And I'm going to be very curious to see that develop, because I've often thought that it's a little snake oily.

And maybe we can shrink it down to size, it doesn't mean you can't do advertising.

But maybe this idea that, that, you know, knowing everything about you, identifying you all the time, everywhere you go, and what you do, as the best way to sell you soap is, is maybe, maybe not so good.

Yeah. So we have a little less than two minutes left. So I want I want to end on sort of an optimistic note.

So let's like go out 10 years and say we fix some of these policy problems.

What kind of Internet do we have?

What does it look like? I mean, what what what's what's good? What's bad? I think I hope anyway, that we have an Internet where you feel like you're in the driver's seat about the experience you want to have, and that that doesn't doesn't limit what you get to do, or who you get to talk to, or how you get to talk to them.

And in, in ways, I think that I think if we get it, right, we have taken a serious look at some technologies like facial recognition, and we've just decided to ban them.

We banned landmines, we banned, you know, you know, gas after World War, you know, as a as a thing.

I mean, we still struggle with these things. We never come entirely win most battles.

But that we've taken a look at some technologies that are really dangerous for our civil liberties.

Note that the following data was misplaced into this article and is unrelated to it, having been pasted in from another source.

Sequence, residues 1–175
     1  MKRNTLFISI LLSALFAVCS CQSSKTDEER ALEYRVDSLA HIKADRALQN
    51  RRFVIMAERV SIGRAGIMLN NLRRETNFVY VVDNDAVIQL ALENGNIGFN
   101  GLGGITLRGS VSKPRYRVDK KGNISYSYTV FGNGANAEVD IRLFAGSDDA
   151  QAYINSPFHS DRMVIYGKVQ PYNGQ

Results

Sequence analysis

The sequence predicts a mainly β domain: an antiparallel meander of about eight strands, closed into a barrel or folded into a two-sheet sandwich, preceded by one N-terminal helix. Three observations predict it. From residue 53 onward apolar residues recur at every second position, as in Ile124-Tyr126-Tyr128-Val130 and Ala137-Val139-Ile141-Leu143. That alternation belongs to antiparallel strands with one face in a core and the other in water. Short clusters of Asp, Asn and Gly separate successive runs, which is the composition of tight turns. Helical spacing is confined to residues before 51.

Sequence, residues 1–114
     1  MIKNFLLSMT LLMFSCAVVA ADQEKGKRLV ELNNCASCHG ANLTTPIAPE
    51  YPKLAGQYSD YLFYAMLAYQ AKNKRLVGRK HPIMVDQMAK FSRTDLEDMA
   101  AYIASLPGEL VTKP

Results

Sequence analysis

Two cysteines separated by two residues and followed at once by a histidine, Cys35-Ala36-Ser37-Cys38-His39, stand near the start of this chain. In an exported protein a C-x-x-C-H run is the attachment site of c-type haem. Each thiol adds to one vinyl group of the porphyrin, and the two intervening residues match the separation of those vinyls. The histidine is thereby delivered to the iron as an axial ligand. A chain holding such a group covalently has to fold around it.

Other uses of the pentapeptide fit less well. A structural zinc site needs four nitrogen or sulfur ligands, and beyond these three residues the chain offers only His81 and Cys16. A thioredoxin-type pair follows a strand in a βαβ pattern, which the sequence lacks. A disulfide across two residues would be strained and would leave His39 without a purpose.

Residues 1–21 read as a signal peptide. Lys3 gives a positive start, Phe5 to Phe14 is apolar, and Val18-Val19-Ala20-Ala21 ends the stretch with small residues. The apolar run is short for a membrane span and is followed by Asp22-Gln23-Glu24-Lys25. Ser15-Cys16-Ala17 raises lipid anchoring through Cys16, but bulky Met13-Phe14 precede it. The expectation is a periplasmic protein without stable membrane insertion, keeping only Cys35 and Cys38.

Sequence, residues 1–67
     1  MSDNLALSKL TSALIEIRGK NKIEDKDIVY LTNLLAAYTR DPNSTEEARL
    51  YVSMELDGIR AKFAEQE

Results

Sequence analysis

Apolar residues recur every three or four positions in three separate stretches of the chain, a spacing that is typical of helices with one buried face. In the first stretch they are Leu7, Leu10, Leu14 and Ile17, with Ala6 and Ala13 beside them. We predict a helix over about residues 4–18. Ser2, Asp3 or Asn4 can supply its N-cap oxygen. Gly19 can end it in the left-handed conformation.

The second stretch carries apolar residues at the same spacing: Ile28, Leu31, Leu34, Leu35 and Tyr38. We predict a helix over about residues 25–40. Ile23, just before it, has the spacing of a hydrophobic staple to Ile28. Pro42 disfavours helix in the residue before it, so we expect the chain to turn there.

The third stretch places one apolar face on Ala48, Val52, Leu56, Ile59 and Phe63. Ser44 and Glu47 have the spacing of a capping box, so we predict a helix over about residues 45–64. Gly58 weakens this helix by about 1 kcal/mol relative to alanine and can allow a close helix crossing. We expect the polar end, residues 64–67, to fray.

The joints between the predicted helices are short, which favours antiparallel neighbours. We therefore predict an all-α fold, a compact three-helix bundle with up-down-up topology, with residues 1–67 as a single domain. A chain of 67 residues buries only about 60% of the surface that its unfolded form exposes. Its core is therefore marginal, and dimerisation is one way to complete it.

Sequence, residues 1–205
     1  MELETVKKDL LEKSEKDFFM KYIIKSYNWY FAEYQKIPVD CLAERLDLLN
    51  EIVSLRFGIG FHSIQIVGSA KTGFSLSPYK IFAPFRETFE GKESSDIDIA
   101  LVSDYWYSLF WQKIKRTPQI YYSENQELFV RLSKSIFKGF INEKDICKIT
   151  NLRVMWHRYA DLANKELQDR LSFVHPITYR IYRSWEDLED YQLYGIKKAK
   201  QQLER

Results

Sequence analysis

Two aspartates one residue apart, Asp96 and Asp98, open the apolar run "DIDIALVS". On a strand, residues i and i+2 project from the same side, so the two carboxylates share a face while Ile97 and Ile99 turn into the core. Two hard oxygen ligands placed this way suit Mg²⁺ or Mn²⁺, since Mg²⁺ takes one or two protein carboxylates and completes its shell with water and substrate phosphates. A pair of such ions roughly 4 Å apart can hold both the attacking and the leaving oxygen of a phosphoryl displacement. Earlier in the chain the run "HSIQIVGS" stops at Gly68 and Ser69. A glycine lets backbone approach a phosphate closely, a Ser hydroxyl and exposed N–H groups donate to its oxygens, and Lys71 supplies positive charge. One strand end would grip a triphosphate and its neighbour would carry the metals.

And we've decided that as a society, we just don't want to use them anymore.

And we ban them, which is a hard thing for me to say I'm a big pro tech person.

But I think facial recognition technologies in the hands of law enforcement or government are really dangerous.

And we're starting to see that now. I think that I think that it's interesting, because EFF is working on a podcast now called how to fix the Internet with the electronic frontier foundation.

Watch this space for a couple a couple more months.

To see some of these things where we're trying to think about, you know, I think broadband becomes ubiquitous and available that it would it, you know, you know, showing up someplace and not having lights or water.

Same thing for broadband, you know, I've been traveling a little bit the last month and and but even so, you know, code, this is one of the things that COVID has taught us is that universal real broadband, like fiber, is tremendously important.

And these little hot spots are.

Thank you so much for doing this. I really appreciate it. It's awesome.

It's so much fun to talk to you, too. So you're amazing history. I was looking over all your background.

Well, it's been lots of fun. It's a fun ride. This is a hard time, I think for everybody, but it's still fun.

So well, thank you again.

All right. Thanks a lot.